One team of researchers found a way of using nanotechnology to release medication into glaucoma sufferers’ eyes over a few months, eliminating the need to apply it frequently. Another group created an algorithm designed to recognise eye diseases even before symptoms appear.

In recognition of the medical and economic impact of their work on Singapore, the members of the two teams were among eight research scientists and engineers who were yesterday accorded the President’s Science and Technology Awards — the Republic’s highest scientific honours.

The President’s Technology Award (PTA) was conferred on the two teams by President Tony Tan at a ceremony held at the Istana last night.

Two other individuals also received the President’s Science and Technology Medal (PSTM) and the President’s Science Award (PSA) in recognition of their scientific work.

PTA recipients Professor Subbu Venkatraman, Associate Professor Tina Wong and Professor Freddy Boey from the Nanyang Technological University (NTU) were recognised for their work in developing a sustained drug-delivery technology to apply the anti-glaucoma medicine.

The medicine is loaded onto tiny particles, or nanoparticles, and delivered as a solution on the eye’s surface via painless injections.

The approach overcomes the problem of glaucoma patients skipping their medication and poor drug penetration of eye drops, said the researchers.

The other PTA-winning team comprises Professor Wong Tien Yin from the Singapore National Eye Centre, as well as Professor Wynne Hsu and Professor Lee Mong Li from the National University of Singapore (NUS).

Prof Wong’s team developed advanced algorithms to monitor and record subtle changes to the retina over time.

The system is designed to help doctors detect eye diseases early, even before the symptoms appear.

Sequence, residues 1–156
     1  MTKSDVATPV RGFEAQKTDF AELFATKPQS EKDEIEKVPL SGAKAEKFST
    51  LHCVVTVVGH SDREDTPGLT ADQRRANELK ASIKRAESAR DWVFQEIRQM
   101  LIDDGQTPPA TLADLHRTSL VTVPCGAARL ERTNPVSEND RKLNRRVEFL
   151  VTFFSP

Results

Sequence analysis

Said PTA committee chair Professor Quek Tong Boon of the two award-winning projects: “What differentiated these two teams from the rest is their vision, their demonstrated potential of their work and the potential societal and economic impact of their work.”

He added that the technologies can help prevent blindness in glaucoma patients here and also establish Singapore as a leading eye care centre.   There are about 70,000 people with glaucoma in the Republic.

executive John Wong Eu-Li, who was awarded the PSTM, was described by the Agency for Science, Technology and Research (A*STAR) as a pioneer in the Republic’s biomedical movement, recruiting top scientists and bringing together academic centres from across Asia to develop treatments suitable for Asian populations.

Professor Loh Kian Ping from the NUS Department of Chemistry, who received the PSA, is a pioneer in graphene chemistry research, contributing significantly to Singapore’s position as a world leader in this area, said A*STAR.

Besides the PSTA awards, the Young Scientist Awards were also presented to three promising young research scientists and engineers during last night’s ceremony.

They included NTU’s Assistant Professor Wang Qijie for his research in photonics and optoelectronics; NTU’s Assistant Professor Zhang Baile for his work on invisibility cloaking technology; and NUS Assistant Professor Melissa Jane Fullwood for her research on chromatin interactions — a region in the genome — and how they affect cancer.

Source: Today Online. Reproduced with permission.